JERUSALEM (Jul. 31)
A four-member ministerial committee was named by the Cabinet today to study the possibility of repatriating some 200 Christian Arabs to the sites of Ikrit and Biram, their former villages near the Lebanese border and to report to Premier Menachem Begin as soon as possible. Begin said Friday that he personally favored the return but stressed that the final decision rested with the government.
The committee, headed by Minister of Agriculture Ariel Sharon, consists of Housing Minister Gideon Patt, Minister of Commerce Yigael Hurwitz and Religious Affairs Minister Aharon Abu Hatzeira. Patt, a member of Likud’s Liberal Party wing and Abu Hatzeira of the National Religious Party are known to sympathize with the villagers’ long-standing appeal for repatriation. Hurwitz, who represents the State List (La’am) faction in Likud, is opposed. Observers believe that the committee’s recommendations will depend largely on the attitude of Sharon who has not yet expressed himself publicly on the issue.
Ikrit and Biram were evacuated for security reasons during Israel’s War of Independence in 1948. The army reportedly promised the villagers they would be returned within two weeks. But nearly 30 years have elapsed and successive Labor-led governments have refused to repatriate them on grounds that the original security situation still prevails. Both villages were razed by the army in the late 1950s and the villagers, members of the Maronite and Greek Catholic communities, were re-settled in other Arab Christian towns.
They never abandoned hope of returning, however, and claim that Likud leaders promised them repatriation once Likud came into power. Likud circles said they knew of no such promise but were willing to look into the matter.
LABOR ALIGNMENT OPPOSES REPATRIATION
The Labor Alignment, officially, remains adamant against repatriation but is sharply split over the issue. A meeting of the Labor Central Committee decided over the weekend to instruct the party’s Knesset faction to vote against the villagers’ return. But only a few of the Committee’s 701 members attended and Labor MK Yossi Sarid has demanded another vote. Labor’s Alignment partner, Mapam, has indicated that it would support repatriation.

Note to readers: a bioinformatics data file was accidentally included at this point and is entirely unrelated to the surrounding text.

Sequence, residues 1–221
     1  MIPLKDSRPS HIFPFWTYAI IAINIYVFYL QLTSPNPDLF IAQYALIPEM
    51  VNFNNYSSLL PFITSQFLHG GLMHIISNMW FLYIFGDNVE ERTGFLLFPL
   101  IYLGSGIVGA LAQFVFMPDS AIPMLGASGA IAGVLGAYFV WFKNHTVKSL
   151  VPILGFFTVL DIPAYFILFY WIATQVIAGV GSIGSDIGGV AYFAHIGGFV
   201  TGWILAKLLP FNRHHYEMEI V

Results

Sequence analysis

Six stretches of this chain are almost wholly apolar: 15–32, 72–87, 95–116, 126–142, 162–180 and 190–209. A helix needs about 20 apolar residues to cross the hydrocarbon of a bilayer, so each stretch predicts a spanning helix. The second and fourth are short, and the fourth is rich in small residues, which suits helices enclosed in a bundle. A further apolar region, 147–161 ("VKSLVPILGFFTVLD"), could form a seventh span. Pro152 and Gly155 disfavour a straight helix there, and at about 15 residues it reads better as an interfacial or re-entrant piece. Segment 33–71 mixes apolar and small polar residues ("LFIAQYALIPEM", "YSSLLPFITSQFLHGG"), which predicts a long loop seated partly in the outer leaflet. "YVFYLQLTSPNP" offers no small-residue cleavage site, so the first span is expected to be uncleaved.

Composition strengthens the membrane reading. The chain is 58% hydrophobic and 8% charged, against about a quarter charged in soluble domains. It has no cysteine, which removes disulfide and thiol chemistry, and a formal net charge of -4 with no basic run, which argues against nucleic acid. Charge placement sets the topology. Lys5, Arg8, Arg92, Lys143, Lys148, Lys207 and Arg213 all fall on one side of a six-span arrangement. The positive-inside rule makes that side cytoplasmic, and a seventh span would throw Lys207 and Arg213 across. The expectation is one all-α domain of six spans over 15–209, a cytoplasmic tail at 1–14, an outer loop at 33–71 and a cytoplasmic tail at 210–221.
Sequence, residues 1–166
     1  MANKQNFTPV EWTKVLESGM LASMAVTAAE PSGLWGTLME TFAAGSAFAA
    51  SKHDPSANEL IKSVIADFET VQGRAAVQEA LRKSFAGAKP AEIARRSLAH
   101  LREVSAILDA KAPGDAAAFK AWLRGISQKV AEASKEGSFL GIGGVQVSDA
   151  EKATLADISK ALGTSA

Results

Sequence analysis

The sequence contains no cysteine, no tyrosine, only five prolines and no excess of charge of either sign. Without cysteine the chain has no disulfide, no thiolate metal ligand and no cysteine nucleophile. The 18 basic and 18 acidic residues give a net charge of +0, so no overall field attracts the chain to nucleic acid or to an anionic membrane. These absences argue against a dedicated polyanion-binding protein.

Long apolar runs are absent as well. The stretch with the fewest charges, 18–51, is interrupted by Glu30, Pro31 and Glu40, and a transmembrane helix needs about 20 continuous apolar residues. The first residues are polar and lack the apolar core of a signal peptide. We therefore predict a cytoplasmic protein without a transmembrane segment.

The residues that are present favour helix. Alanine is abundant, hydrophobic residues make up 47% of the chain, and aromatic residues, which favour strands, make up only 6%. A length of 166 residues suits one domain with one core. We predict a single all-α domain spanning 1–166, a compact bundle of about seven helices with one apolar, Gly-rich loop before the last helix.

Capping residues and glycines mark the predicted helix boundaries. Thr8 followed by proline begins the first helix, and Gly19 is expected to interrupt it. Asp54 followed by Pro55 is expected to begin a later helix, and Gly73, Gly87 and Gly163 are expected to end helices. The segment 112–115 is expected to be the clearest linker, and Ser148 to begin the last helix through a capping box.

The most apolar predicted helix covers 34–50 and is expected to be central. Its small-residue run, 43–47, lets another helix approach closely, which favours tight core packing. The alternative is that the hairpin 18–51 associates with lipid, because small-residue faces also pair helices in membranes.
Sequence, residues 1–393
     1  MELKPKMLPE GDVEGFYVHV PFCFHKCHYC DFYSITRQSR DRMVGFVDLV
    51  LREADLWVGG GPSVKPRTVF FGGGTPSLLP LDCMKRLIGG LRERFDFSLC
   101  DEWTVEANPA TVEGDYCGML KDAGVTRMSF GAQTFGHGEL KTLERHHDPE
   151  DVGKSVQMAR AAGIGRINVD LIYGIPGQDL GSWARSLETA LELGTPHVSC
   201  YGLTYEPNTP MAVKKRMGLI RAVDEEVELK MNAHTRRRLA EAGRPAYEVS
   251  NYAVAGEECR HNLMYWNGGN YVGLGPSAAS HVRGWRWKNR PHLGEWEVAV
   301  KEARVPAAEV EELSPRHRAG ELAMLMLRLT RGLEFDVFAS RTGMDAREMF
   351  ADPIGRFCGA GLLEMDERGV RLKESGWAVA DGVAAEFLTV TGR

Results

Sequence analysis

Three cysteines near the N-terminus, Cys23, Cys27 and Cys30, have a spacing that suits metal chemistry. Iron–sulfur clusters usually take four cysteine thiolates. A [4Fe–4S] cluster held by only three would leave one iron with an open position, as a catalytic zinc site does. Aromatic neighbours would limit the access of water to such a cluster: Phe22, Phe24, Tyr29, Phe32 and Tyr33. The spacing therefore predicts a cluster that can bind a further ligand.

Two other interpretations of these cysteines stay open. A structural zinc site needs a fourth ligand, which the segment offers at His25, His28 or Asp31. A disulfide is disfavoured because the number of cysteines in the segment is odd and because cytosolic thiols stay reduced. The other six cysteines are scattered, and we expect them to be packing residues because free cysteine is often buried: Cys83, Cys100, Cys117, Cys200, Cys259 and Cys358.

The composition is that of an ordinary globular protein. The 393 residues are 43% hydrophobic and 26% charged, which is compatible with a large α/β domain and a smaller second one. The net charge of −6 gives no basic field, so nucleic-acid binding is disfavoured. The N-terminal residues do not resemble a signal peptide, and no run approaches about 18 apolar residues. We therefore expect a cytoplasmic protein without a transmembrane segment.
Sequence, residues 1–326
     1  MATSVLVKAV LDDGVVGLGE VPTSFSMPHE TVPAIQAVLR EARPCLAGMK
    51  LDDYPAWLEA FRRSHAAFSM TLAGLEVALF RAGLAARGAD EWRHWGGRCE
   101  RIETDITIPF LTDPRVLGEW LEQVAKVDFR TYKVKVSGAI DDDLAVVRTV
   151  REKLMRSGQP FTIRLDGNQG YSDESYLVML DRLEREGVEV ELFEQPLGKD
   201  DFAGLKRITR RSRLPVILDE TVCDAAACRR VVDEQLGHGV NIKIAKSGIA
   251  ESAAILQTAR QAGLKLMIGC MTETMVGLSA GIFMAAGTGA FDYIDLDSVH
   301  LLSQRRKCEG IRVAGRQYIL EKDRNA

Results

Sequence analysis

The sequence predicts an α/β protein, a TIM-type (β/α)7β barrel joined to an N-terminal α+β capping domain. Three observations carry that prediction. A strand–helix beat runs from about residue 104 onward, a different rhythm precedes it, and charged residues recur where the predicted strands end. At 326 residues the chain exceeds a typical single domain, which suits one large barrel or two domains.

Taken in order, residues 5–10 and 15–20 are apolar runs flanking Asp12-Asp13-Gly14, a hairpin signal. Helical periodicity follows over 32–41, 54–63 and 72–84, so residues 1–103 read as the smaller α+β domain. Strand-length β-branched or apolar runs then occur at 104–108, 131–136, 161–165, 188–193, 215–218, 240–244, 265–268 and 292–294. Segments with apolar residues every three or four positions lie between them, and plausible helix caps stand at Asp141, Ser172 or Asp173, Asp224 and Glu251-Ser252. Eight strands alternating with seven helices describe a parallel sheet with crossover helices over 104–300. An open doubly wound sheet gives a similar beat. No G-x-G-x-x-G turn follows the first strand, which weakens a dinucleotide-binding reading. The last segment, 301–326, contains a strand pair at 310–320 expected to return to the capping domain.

Labor’s official argument is that security considerations still govern the Lebanese border region. They also note that the land around the former villages has been under cultivation by neighboring kibbutzim and moshavim for almost 30 years and that repatriation would set a precedent for the return of other Arabs to the towns from which they were displaced during the 1948 war, such as Jaffa and Ramleh.
Sarid disclaimed any security risk, pointing out that there are other Arab villages near the Lebanese border. Moreover, he said, the villagers are not demanding any cultivated areas. As for the precedent, Sarid noted that the former residents of Ikrit and Biram are the only ones for whom the Israeli Supreme Court has recommended repatriation.
Most observers believe that a Knesset vote would favor repatriation but they caution that the appointment of a Cabinet committee to study the matter should not be regarded as a first step in that direction. The committee’s terms of reference require it only to investigate the total situation of the villagers.